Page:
So you want to be a video game programmer? – part 2 – Specs


There are a couple of broad categories of programmers working on video game teams. If programmer is your player class, then the following types are your spec. Programmers are all warlocks and mages so instead of “demonology” or “frost” you can choose from below. (NOTE: if you don’t get this joke, you don’t play enough video games) This is the real world however, and many programmers dual (or even triple) spec — i.e. they handle multiple specialties.

1. Gameplay programmer. Programs enemies, characters, interfaces, gameplay setups etc. Probably also does things like AI and collision detection. These programmers are sometimes a little less hardcore technical than some of the other types, but this is the sub-field where the most “art” and experience are often required. Learning how to make a character’s control feel good is not something you can read about in Knuth. It takes the right kind of creative personality and a lot of trial and error. In a lot of ways, this is the heart and soul of game programming, the spec that truly differentiates us from the more engineering programming disciplines.

2. Tools programmer. Works on the extensive tools pipeline that all games have. This is the only branch of game programming where you don’t absolutely have to know and breathe video games inside and out, and it’s a little closer to mainstream applications programming. That being said, life at most video game companies is so intense, you better love them. Tools programmers tend to be very good at practical algorithms, data processing, etc. For some reason, perhaps because it’s more “behind the scenes” this spec is often viewed as less glamourous and there are fewer programmers who want to go into it.

3. Sound programmer. A very specific niche. Here you have to not only know how to program well, but you have to care about the esoteric field of sound. You need the kind of ear that can tell if there is a one sample glitch in some audio loop, and you need to care if the 3D audio spatialization is off or the sound field isn’t balanced. This is often a fairly low level area as audio programming is often done on DSPs.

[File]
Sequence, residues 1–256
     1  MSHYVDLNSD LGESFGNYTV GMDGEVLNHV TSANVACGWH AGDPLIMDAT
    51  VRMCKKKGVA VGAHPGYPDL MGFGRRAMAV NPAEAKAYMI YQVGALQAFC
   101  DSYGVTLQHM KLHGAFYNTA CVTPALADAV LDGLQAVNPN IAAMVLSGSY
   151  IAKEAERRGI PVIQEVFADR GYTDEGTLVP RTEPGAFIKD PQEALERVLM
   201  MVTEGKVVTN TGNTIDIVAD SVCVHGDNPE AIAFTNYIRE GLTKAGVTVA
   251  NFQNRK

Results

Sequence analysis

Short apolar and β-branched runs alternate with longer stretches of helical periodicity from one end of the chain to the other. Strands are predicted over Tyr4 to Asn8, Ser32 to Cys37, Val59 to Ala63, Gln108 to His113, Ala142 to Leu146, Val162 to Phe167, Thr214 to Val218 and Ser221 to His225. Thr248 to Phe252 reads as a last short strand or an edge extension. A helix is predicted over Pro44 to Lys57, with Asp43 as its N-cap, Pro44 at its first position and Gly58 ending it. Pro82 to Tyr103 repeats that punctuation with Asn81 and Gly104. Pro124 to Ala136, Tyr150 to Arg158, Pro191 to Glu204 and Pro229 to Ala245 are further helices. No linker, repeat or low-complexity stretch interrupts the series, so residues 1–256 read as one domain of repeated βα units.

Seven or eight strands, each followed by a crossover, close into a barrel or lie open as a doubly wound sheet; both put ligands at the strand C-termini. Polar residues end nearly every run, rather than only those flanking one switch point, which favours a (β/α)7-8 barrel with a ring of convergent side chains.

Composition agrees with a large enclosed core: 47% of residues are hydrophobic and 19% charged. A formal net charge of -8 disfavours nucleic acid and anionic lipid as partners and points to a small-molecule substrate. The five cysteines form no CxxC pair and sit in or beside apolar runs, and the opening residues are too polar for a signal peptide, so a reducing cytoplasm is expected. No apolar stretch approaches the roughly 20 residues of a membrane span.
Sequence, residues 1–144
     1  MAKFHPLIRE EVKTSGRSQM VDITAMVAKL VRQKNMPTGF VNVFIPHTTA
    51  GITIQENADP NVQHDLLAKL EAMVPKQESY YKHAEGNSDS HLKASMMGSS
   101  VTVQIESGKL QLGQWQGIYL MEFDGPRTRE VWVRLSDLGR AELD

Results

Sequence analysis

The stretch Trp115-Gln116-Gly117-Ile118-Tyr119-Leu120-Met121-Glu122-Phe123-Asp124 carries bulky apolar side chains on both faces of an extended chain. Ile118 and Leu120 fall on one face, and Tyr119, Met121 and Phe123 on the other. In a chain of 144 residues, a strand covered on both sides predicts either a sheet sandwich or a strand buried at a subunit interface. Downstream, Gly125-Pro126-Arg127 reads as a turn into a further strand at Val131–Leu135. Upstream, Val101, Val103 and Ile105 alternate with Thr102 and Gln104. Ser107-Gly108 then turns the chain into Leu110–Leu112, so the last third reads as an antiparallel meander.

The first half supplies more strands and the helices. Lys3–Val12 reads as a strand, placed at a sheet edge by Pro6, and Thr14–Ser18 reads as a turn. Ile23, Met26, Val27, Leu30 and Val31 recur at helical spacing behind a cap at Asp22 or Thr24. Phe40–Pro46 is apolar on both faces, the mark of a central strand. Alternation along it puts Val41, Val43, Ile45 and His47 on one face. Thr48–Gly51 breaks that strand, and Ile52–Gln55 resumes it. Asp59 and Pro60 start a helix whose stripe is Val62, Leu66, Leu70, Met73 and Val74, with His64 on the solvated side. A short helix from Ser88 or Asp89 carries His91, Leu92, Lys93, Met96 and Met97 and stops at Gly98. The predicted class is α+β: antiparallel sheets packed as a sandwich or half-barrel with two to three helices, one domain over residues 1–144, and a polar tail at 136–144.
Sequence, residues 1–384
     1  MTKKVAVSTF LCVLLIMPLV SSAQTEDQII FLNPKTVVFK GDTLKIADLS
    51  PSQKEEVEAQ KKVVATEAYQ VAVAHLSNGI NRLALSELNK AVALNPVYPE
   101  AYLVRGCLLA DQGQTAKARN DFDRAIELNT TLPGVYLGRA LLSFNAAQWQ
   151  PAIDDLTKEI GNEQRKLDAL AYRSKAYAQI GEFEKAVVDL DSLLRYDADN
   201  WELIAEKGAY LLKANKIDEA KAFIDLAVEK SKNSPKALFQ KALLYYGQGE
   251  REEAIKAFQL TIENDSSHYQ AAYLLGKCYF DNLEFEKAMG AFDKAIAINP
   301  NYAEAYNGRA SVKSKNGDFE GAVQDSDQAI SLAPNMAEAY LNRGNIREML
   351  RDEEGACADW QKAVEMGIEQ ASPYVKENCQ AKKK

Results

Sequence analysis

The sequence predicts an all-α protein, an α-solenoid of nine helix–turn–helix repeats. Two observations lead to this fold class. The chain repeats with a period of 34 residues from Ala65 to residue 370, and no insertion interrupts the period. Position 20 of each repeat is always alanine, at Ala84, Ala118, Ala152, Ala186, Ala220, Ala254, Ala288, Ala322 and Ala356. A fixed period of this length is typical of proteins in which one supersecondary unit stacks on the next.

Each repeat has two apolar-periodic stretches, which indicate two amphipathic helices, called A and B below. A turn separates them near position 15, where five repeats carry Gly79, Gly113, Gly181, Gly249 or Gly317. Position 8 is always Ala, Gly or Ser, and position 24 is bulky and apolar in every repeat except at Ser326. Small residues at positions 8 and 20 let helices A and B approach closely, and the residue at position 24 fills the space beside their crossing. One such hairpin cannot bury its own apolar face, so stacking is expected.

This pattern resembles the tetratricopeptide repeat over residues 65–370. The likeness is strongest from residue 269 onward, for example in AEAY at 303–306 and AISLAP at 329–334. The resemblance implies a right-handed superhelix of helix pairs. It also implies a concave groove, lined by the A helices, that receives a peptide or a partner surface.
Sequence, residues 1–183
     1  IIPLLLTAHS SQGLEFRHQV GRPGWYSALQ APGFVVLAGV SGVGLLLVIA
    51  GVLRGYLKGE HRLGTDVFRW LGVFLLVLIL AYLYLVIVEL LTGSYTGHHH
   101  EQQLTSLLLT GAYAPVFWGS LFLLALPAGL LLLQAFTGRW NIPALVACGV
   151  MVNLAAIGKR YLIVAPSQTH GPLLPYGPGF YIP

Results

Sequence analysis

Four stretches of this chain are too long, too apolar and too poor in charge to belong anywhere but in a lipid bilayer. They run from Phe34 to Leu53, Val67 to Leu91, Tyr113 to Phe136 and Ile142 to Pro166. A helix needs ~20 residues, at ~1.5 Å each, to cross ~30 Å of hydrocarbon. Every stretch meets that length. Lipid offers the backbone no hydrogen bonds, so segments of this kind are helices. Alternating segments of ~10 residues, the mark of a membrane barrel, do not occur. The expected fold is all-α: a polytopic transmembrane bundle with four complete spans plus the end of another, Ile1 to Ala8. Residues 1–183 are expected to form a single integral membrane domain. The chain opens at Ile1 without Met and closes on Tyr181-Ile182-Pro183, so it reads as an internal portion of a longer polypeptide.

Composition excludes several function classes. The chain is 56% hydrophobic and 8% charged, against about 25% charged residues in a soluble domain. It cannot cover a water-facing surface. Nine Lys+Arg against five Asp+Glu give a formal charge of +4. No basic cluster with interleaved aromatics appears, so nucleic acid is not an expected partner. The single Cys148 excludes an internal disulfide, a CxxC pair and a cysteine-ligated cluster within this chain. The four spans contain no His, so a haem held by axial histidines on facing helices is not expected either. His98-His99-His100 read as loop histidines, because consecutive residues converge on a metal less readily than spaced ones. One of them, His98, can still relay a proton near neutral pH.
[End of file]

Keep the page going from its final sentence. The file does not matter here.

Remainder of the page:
4. Collision programmer. This is a really specific spec, and often overlaps with Graphics because it involves totally intense amounts of math. You better have taken BC calculus in tenth grade and thought “diffy-q” was the coolest class ever if you want to go into this.

5. Network programmer. In this era of multiplayer and networked gaming there’s a lot of networking going on. And programming across the internet is a bit of a specialty of it’s own. In general, video game programming takes any sub-field of programming to it’s most extreme, pushing the bleeding limits, and networking is no exception. Games often use hairy UDP and peer-to-peer custom protocols where every last bit counts and the slightest packet loss can make for a terrible game experience. If this is your thing, you better know every last nuance of the TCP/IP protocol and be able to read raw packet dumps.

6. Graphics programmer. Some guys really dig graphics and are phenomenal at math. If you don’t shit 4×4 matrices and talk to your mom about shaders, don’t bother. This sub-specialty is often very low-level as graphics programming often involves a lot of optimization. It may involve coming up with a cool new way of environment mapping, some method of packing more vertices through the pipeline, or better smoothing of the quaternions in the character joints (HINT: involves imaginary math — and if you don’t know that that means the square-root of -1 then this sub-field might not be for you).